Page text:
We independently binned personality scores for each trait into three score ranges (low, medium, and high). The binning was performed in a data-driven fashion so that approximately one third of the participants were assigned to each score range. The middle bin's boundaries were defined as the score percentile at 1/3 and 2/3 respectively. Because personality scores approximately follow a Gaussian distribution, the range of medium scores was smaller than the range for the two extreme classes. Table 2 in the appendix lists all resulting boundaries between score ranges.
Both data and source code are publicly available on GitHub1.
2.1. Feature Extraction
Following best practices in eye-based user modeling (Bulling et al., 2011), the time series of gaze data was processed using a sliding window approach to make the data independent of the individual duration of the recording while not blurring out gaze characteristics due to averaging effects. That is, only data from a time window of a certain length were considered at one time. Different window sizes were evaluated during our training routine (see below for details). The window was slid over the entire recording such that all subsequent windows had an overlap of 50%. Time windows that had more than 50% erroneous samples (i.e., where the pupil could not be detected or the gaze direction was estimated to be beyond 150% of its range), less than 2 non-erroneous samples, or not a single detected fixation or saccade, were discarded. For each resulting time window, a vector of 207 features was extracted (see the Appendix for a list of all features). These features include:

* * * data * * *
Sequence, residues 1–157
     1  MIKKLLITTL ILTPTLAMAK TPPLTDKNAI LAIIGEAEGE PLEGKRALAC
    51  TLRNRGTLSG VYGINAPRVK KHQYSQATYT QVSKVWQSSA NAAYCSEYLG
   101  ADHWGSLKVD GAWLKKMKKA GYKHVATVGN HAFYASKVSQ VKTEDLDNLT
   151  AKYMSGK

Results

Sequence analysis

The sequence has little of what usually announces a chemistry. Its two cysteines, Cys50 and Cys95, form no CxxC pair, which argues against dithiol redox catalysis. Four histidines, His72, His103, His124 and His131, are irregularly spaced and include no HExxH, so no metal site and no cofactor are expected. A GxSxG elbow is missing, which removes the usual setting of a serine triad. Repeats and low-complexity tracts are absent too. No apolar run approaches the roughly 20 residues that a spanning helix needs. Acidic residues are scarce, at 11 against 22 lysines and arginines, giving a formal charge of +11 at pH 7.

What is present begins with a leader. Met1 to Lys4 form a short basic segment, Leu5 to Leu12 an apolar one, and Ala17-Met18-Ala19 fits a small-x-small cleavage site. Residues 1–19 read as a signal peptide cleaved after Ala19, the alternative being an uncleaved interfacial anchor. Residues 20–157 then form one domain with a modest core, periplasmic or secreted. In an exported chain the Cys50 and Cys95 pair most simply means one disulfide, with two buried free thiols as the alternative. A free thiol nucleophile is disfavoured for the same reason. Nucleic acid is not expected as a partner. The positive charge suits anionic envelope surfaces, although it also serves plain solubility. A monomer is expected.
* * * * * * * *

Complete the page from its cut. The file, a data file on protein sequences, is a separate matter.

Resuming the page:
1. Statistics over raw gaze data: These were introduced in Baranes et al. (2015) for the detection of epistemic curiosity under laboratory conditions. Many of the features were specific to the user interface used, for instance the distance of the participant's gaze from a box in the interface but others such as minimum, mean and maximum of gaze x or y coordinates were adopted to our setting.
2. Heatmaps of raw gaze data have been linked to curiosity in a study on a static scene viewing task (Risko et al., 2012). Analogously, an 8 by 8 heatmap of gaze points has been extracted here. Over time a heatmap cell corresponds to different places in the world due to head and body motion. Since some gaze points were extrapolated to positions quite far from the actual scene video, gaze points were only used if they fell within the intervals spanning 95% of the data in both horizontal and vertical direction. The heatmap cells were enumerated from 0 in the top left corner, through 7 in the top right corner, to 63 in the bottom right corner.
3. Statistics over fixations, saccades and blinks have frequently been used in eye tracking studies (Bulling et al., 2011; Rauthmann et al., 2012; Risko et al., 2012). Fixations were detected using a dispersion-threshold algorithm with a threshold of 2.5% of the tracking range width (5) with an additional threshold on the minimum duration of 100ms. All movements between two fixations were inspected as candidate saccades and were accepted if they did not exceed a maximum duration of 500ms and had a peak velocity of at least 200% of the tracking range per second. Both fixations and saccades with more than 50% erroneous samples were discarded. Additionally, the eye tracking software provided information on blinks and pupil diameter. From all events (i.e., fixations, saccades, and blinks), a number of statistics was computed such as the mean duration of fixations and the direction of saccades. A full list of these features can be found in the Appendix.